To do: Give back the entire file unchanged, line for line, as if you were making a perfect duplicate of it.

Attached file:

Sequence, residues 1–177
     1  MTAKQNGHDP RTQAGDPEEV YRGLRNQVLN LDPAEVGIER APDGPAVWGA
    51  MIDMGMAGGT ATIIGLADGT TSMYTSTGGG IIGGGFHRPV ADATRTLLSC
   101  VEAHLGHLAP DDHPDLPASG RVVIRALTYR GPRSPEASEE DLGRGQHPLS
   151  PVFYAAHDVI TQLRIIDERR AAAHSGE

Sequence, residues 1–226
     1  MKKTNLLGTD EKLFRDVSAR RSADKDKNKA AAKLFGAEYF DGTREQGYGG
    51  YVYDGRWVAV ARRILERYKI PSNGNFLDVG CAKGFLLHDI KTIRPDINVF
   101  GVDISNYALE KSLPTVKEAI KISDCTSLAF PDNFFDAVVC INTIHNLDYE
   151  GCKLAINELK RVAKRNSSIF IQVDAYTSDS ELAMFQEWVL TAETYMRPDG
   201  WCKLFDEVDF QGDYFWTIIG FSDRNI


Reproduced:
Sequence, residues 1–177
     1  MTAKQNGHDP RTQAGDPEEV YRGLRNQVLN LDPAEVGIER APDGPAVWGA
    51  MIDMGMAGGT ATIIGLADGT TSMYTSTGGG IIGGGFHRPV ADATRTLLSC
   101  VEAHLGHLAP DDHPDLPASG RVVIRALTYR GPRSPEASEE DLGRGQHPLS
   151  PVFYAAHDVI TQLRIIDERR AAAHSGE

Sequence, residues 1–226
     1  MKKTNLLGTD EKLFRDVSAR RSADKDKNKA AAKLFGAEYF DGTREQGYGG
    51  YVYDGRWVAV ARRILERYKI PSNGNFLDVG CAKGFLLHDI KTIRPDINVF
   101  GVDISNYALE KSLPTVKEAI KISDCTSLAF PDNFFDAVVC INTIHNLDYE
   151  GCKLAINELK RVAKRNSSIF IQVDAYTSDS ELAMFQEWVL TAETYMRPDG
   201  WCKLFDEVDF QGDYFWTIIG FSDRNI